Now if you're thinking, something along the lines of "so many BIM's, so little time", then don't stress too much, there is plenty of information to explain it all, easily found on the web (just as clear as this!). That reminds me, I should also mention Little BIM & Big BIM too, (they are BIM's as well apparently), referring to which part of the BIM cycle you are in. (I guess the term 'milestone' or 'phase' just didn't cut it in today's BIM world). Oh yeah, and there is "OpenBIM", "lonely BIM" & "Social BIM" too...and no, I am not kidding....I wish I was.

Just when you think you're at the limit of confusion, we are introduced to the differences between LOD (Level of Detail), LOD (Level of Development) & LOD (Level of definition), not to mention LOI (Level of Information). Yup, another 3 LOD's to add to the 3 BIM's. (Although LOD (Level of development) is more often being referred to as LOMD (Level of Model Development) in the UK to reduce confusion).

The LOD (Level of Development), (refer to documents like the BIM Forum Specification or AIA G202 - 2013 for more information) is typically found in what is sometimes referred to as the BxP or more commonly BEP. (The 'X' doesn't technically stand for anything! It's "clever" writing apparently, the 'X' stands for 'execution', ahh see what they did there!). So it's really BEP (BIM Execution Plan) but even BEP and similar acronyms amuse me, because the "B" in BEP stands for an acronym, not a word. Shouldn't it be BIM-EP?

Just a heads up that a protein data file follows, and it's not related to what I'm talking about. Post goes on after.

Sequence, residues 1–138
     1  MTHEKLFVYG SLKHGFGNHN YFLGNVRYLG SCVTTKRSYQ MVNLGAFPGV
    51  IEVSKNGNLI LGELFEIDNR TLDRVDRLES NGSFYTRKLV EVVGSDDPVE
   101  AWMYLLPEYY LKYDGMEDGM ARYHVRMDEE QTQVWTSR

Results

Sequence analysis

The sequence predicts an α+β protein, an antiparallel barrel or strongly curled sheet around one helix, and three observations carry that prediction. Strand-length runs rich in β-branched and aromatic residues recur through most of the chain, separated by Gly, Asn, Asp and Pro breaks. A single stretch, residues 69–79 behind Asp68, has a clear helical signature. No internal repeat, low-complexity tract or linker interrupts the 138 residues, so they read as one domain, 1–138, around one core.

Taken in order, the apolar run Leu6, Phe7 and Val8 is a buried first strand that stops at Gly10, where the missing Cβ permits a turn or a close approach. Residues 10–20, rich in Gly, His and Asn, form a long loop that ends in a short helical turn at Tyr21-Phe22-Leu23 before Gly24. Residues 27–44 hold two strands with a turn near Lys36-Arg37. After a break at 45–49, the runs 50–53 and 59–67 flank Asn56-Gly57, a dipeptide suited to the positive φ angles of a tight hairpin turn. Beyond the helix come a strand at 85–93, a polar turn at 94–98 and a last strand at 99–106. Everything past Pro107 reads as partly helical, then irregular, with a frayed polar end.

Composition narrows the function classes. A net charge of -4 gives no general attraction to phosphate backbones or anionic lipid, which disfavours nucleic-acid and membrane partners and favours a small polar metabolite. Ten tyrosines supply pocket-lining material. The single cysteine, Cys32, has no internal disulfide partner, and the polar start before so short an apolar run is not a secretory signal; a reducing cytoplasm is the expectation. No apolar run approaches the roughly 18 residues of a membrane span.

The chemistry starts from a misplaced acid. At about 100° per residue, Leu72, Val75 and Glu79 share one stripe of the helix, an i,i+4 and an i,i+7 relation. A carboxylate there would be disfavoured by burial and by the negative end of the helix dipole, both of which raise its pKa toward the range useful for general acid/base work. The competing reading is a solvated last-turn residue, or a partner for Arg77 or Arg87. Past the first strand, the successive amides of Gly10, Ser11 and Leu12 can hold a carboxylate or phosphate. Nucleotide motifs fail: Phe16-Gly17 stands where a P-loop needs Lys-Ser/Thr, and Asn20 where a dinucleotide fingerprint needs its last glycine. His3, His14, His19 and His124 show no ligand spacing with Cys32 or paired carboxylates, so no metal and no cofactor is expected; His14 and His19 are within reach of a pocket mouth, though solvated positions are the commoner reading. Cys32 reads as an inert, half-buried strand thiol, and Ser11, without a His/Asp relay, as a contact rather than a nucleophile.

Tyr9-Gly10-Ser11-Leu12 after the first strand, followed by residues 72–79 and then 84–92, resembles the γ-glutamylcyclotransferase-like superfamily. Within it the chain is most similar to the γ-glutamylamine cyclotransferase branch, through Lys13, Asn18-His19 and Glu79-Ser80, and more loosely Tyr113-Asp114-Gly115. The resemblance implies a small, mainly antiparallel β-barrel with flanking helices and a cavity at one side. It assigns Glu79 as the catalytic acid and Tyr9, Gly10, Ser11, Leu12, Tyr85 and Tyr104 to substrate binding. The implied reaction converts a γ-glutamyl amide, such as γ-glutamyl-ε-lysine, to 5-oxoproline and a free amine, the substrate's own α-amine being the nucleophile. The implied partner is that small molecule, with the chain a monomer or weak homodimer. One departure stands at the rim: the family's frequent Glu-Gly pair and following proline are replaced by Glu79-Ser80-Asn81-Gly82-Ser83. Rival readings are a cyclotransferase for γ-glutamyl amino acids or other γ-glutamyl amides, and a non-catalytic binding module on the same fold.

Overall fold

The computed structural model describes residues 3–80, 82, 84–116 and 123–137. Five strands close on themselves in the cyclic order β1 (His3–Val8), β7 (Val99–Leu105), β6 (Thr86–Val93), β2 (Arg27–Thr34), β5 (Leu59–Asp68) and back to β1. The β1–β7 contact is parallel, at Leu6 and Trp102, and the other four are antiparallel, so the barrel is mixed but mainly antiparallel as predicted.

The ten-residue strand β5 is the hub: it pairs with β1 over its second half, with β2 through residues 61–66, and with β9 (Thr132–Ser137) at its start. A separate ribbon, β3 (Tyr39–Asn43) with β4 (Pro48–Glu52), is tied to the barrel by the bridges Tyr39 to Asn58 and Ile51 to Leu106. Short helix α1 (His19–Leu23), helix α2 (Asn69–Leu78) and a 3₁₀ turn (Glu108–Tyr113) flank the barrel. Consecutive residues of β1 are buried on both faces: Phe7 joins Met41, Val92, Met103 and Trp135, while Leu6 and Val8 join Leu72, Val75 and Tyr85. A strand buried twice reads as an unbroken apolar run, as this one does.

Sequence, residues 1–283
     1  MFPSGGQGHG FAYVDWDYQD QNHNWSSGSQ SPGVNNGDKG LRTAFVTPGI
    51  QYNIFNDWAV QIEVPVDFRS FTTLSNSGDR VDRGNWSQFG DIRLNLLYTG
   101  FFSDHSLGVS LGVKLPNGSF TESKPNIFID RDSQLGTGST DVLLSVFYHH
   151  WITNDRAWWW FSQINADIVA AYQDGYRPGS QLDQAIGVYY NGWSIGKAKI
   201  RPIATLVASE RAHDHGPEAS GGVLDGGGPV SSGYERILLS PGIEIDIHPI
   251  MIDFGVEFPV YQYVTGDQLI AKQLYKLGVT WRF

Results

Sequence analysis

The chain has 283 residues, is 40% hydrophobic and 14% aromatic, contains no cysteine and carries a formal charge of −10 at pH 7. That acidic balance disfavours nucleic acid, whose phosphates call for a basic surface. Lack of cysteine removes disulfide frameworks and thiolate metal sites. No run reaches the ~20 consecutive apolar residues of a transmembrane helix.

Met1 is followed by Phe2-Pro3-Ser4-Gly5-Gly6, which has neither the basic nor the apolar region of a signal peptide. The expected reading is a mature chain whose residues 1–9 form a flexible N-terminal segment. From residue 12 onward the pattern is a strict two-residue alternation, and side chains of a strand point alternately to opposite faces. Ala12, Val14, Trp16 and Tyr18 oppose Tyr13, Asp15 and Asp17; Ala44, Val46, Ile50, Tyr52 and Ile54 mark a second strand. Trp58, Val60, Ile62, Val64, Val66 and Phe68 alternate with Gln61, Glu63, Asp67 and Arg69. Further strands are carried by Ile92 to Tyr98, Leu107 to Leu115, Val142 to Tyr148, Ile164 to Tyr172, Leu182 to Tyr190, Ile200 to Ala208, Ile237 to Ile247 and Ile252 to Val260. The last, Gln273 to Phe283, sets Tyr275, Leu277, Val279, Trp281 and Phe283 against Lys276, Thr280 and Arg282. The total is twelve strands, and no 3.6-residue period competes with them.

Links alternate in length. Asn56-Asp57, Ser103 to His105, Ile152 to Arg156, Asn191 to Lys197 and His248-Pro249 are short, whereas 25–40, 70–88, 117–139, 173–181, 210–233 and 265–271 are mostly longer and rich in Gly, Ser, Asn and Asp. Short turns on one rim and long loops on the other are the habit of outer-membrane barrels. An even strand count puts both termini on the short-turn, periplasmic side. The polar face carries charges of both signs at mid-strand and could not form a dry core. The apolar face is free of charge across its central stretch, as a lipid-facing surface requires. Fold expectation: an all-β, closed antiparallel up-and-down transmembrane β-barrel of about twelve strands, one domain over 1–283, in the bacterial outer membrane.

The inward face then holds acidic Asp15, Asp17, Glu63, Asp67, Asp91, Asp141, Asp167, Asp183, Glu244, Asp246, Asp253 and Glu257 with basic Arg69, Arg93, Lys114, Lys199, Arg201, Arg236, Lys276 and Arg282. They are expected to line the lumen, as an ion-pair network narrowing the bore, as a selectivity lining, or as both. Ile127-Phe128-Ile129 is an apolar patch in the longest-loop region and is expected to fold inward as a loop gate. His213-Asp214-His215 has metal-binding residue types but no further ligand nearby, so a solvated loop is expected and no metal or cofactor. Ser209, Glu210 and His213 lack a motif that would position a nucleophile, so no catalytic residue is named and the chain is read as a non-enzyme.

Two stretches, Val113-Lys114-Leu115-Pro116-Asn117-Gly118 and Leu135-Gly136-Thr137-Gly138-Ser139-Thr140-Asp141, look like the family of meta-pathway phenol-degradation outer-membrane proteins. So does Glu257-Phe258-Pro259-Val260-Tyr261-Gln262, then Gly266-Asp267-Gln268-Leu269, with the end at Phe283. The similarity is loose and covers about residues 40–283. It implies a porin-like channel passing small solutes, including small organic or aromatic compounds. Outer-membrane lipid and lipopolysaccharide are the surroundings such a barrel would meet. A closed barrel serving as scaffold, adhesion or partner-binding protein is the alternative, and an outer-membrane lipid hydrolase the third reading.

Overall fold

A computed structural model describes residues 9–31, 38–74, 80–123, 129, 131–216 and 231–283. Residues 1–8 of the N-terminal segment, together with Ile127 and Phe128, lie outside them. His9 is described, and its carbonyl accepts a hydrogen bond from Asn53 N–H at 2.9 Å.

Anyway, I digress... where were we? Ah yes, BEP (Building Information Modelling Execution Plans). The BEP (Building Information Modelling Execution Plan) is a document your project team should use to keep everyone on the same path and to clearly outline the team's expectations during the projects life. (I admit, that's a fairly simplified explanation). Decisions on the CDE (Common Data Environment), could be a project server, an extranet or a cloud-based system and method of interoperability between the various consultants should also be outlined in this document.